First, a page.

The ECMAScript 2015 Language Specification introduced collections into JavaScript, specifically Maps and Sets (among others like WeakMaps and WeakSets). These collections are iterable via the newly introduced iteration protocol, which means you can use them together with language constructs like for-of and spreads. For example for Sets

and similarly for Maps

demoing various kinds of iteration. This is defined and implemented by Map Iterator Objects and Set Iterator Objects.

Unfortunately these iterator objects - like the collections themselves - weren’t really well optimized in V8 so far. In fact it was so bad, that Brian Terlson complained to me about it, because he’s using Sets to implement a custom regular expression engine (for the ECMAScript specification). He (rightfully) noted that Chrome and Node don’t have any reasonably fast way to iterate Sets. So it was about time to change that. In order to understand what’s slow and why, it’s important to understand how iteration works. This is easiest to understand by looking at a very simple for-of loop:

Running that through Babel we get the following code:

If you’ve seen one of my recent talks about ES2015 and beyond, you’ll already know that all modern JavaScript engines essentially perform the same desugaring that Babel does here to implement for-of (details vary).

Ignoring the (boring) exception handling, the core of the iteration boils down to this very simple loop:

Side note: There’s a great blog post Iterables and iterators in ECMAScript 6 and a whole section Iterables and iterators in the book “Exploring ES6” by Axel Rauschmayer, which provides a lot of background on the theory and the use of iterators. I highly recommend reading those resources.

The key to great performance for iteration is to make sure that the repeated calls to iterator.next() in the loop are optimized well, and ideally completely avoid the allocation of the iterResult using advanced compiler techniques like store-load propagation, escape analysis and scalar replacement of aggregates. To really shine performance-wise, the optimizing compiler should also completely eliminate the allocation of the iterator itself - the iterable[Symbol.iterator]() call - and operate on the backing-store of the iterable directly. We did this for the Array and String iterators before, implemented by Caitlin Potter, the design document provides some details of the implementation. Essentially we could use the same ideas for the collection iterators, with some simplifications, as Maps and Sets are indeed simpler than Arrays.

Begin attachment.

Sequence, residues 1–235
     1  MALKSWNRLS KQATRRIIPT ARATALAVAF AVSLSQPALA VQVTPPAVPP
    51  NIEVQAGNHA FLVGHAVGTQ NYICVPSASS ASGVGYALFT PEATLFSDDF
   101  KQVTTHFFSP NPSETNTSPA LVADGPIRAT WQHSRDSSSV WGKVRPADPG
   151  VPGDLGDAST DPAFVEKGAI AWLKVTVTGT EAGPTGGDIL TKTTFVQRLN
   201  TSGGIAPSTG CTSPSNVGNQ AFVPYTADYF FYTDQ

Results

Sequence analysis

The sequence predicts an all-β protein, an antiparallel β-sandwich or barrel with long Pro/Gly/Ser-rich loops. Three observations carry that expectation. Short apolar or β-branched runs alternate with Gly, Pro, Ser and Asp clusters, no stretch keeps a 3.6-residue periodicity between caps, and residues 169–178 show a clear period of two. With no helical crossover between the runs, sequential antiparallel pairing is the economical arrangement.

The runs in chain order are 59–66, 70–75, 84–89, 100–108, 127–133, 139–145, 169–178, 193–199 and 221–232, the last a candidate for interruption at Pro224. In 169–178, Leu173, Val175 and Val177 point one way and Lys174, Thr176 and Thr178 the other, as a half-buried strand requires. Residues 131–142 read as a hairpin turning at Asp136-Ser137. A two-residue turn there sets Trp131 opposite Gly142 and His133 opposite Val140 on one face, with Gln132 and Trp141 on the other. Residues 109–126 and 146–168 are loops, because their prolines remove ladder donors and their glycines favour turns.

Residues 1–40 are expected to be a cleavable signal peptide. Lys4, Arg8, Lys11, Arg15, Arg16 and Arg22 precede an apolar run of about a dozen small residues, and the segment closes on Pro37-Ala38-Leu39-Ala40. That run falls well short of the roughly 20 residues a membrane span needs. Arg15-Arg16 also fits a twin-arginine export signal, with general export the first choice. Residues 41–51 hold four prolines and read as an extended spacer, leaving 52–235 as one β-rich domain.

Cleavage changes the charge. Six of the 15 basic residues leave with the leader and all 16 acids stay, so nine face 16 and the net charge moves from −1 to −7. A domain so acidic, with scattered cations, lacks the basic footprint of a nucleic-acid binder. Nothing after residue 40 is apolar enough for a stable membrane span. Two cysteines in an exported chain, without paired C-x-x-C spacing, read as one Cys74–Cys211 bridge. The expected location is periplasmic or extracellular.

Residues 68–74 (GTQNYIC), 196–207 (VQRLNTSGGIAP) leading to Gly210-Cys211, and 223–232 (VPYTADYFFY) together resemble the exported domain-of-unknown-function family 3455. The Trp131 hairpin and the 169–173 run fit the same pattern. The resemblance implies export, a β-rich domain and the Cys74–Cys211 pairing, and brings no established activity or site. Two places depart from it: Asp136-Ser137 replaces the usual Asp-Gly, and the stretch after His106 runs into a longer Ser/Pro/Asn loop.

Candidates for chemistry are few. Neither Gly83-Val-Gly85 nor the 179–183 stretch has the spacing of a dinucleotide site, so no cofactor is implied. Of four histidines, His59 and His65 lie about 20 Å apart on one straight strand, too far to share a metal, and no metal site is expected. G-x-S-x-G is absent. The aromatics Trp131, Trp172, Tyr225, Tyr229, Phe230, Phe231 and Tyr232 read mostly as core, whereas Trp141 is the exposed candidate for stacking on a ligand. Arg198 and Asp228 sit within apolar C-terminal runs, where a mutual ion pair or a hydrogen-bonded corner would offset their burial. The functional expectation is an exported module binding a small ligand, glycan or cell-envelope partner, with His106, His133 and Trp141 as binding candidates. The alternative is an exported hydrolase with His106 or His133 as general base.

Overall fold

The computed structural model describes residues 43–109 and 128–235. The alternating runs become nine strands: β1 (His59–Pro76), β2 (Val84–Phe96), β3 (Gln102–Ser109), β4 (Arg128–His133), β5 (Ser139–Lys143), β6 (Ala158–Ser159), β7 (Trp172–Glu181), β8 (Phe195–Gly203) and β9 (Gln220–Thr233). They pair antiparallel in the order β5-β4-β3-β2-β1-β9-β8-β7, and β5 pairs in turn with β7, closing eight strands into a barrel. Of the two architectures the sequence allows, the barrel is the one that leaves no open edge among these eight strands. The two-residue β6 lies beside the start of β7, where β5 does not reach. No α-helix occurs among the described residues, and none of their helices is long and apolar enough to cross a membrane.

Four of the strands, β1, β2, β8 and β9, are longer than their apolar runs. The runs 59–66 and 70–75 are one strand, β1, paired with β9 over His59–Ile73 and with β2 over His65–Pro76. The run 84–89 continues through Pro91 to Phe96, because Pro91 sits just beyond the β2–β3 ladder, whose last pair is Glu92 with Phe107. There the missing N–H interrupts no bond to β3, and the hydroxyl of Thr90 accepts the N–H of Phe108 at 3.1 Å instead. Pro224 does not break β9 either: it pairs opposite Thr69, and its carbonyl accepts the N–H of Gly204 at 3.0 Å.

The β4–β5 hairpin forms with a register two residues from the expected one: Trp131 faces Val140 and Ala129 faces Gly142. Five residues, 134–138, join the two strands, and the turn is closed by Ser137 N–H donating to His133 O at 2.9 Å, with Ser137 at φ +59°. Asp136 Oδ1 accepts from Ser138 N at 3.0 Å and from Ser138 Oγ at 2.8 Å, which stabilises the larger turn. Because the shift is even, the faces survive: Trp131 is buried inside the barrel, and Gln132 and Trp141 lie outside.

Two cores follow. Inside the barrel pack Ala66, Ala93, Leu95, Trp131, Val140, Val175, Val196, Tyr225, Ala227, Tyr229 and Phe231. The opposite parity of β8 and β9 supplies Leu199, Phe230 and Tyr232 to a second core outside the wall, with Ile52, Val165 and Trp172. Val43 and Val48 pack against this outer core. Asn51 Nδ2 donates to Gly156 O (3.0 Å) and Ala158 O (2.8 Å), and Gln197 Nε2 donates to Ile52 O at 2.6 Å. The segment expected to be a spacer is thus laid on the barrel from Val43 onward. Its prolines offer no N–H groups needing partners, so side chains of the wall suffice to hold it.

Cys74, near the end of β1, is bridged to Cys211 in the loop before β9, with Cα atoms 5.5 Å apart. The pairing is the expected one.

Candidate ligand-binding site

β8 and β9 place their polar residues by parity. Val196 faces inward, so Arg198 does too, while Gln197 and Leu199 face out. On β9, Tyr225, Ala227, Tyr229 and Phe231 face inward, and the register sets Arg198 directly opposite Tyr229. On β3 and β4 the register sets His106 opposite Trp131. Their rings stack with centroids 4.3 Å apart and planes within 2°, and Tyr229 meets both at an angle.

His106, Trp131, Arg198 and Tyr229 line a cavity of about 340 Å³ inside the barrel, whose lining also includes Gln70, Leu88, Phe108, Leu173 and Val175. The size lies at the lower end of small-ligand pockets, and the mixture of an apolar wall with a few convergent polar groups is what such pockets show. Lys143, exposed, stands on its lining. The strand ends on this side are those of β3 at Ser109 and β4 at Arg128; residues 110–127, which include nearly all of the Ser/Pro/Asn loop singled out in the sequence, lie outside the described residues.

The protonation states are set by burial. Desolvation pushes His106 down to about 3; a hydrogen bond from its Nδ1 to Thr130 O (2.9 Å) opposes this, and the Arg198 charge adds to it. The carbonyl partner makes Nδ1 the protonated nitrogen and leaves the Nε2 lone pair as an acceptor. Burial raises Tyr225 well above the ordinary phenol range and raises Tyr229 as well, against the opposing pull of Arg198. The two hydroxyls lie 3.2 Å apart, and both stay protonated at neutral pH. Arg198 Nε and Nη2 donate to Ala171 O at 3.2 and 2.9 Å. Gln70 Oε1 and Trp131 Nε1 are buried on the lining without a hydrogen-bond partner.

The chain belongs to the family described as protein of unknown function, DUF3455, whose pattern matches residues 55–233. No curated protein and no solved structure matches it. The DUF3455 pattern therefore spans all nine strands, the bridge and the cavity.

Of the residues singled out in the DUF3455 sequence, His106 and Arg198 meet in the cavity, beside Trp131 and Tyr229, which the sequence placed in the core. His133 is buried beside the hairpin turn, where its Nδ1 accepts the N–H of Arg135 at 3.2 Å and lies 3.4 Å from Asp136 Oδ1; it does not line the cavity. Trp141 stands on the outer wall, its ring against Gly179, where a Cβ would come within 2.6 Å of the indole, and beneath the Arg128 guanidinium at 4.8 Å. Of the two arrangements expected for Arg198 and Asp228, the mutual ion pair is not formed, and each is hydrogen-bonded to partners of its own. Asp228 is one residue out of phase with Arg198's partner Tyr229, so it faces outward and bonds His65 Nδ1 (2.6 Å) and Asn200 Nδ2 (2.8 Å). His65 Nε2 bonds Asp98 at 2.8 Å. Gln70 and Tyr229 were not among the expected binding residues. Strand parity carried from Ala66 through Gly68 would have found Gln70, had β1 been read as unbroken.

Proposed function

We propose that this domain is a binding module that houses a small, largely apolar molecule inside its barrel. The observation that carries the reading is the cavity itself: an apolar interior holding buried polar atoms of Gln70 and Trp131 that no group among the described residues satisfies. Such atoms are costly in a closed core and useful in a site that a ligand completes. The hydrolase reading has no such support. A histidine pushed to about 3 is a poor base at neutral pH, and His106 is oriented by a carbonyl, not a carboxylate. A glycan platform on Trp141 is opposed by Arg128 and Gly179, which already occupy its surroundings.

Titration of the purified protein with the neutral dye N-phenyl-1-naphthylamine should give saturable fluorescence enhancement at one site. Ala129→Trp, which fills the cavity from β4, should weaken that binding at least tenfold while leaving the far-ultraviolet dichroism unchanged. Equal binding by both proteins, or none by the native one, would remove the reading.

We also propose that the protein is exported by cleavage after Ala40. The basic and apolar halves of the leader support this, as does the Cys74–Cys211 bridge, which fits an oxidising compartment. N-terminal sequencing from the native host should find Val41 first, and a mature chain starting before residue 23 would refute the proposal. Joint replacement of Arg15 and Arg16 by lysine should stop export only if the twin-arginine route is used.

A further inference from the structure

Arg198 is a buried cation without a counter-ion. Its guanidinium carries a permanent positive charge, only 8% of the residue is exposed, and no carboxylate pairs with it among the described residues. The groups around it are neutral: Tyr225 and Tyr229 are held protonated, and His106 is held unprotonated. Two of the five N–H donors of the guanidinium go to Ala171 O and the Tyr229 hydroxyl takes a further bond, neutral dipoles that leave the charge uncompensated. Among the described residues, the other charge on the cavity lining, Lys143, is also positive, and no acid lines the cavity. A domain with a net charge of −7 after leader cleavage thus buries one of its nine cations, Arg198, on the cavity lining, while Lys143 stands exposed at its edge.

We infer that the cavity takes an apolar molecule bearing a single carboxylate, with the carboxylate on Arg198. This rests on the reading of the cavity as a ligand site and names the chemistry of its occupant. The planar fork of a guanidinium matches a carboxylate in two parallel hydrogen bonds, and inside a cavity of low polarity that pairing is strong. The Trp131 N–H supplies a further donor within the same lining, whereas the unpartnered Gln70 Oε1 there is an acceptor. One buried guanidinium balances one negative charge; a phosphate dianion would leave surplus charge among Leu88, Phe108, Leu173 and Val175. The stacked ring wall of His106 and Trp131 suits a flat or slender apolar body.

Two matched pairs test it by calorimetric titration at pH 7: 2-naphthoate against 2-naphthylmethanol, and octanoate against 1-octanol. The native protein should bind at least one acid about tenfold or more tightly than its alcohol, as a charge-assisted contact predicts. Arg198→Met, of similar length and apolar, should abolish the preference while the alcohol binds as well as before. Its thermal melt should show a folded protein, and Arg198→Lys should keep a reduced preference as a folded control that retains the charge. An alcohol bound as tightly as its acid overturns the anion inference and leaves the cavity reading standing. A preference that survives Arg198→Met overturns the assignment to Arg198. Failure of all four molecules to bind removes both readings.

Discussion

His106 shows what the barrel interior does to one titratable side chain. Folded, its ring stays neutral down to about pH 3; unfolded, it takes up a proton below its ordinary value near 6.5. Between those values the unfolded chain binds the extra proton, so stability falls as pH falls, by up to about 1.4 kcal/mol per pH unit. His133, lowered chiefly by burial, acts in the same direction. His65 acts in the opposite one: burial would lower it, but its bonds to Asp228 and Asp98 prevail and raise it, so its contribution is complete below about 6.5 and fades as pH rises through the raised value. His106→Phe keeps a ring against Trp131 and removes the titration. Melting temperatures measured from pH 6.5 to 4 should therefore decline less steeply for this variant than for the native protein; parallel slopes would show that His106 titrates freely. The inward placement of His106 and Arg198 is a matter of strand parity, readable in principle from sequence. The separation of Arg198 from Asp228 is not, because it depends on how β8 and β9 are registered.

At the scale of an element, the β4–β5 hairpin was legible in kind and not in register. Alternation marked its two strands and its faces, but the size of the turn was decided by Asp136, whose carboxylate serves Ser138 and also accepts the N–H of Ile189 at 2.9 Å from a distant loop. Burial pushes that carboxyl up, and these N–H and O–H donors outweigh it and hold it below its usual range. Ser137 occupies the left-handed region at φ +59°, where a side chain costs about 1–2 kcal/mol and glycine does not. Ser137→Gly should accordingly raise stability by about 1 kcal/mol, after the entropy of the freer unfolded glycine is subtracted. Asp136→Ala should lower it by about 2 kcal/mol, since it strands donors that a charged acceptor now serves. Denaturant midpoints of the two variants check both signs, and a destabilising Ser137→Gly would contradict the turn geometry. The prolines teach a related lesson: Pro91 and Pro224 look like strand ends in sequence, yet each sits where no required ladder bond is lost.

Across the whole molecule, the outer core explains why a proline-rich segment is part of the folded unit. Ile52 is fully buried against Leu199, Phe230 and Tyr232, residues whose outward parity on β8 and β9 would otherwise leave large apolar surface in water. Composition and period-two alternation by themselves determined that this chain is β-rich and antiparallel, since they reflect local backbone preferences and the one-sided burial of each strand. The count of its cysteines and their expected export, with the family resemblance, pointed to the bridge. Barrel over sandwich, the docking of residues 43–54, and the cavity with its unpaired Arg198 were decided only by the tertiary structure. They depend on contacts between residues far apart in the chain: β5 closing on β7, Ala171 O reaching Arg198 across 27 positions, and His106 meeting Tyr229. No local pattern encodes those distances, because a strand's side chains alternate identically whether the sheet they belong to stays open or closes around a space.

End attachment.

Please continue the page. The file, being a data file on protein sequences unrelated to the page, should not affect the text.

The main reason why Set iterators were slow, was the fact that they were implemented via a mix of self-hosted JavaScript and C++ code. For example, the %SetIteratorPrototype%.next() was implemented like this.

What this code does is essentially the following:

1. Allocate a new value_array with two slots initialized to undefined.
2. Allocate the result object as {value: value_array, done: false}.
3. Call into the C++ %SetIteratorNext runtime function, passing the iterator this and the value_array and letting it initialize value_array[0] with the next key (if there’s any). This looks a bit odd, but was done to have Map and Set uniform (for better or worse…).